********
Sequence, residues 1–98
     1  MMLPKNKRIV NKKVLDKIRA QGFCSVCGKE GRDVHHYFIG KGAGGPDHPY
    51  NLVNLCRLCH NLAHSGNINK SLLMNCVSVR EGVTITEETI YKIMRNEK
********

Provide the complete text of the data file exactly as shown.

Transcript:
Sequence, residues 1–98
     1  MMLPKNKRIV NKKVLDKIRA QGFCSVCGKE GRDVHHYFIG KGAGGPDHPY
    51  NLVNLCRLCH NLAHSGNINK SLLMNCVSVR EGVTITEETI YKIMRNEK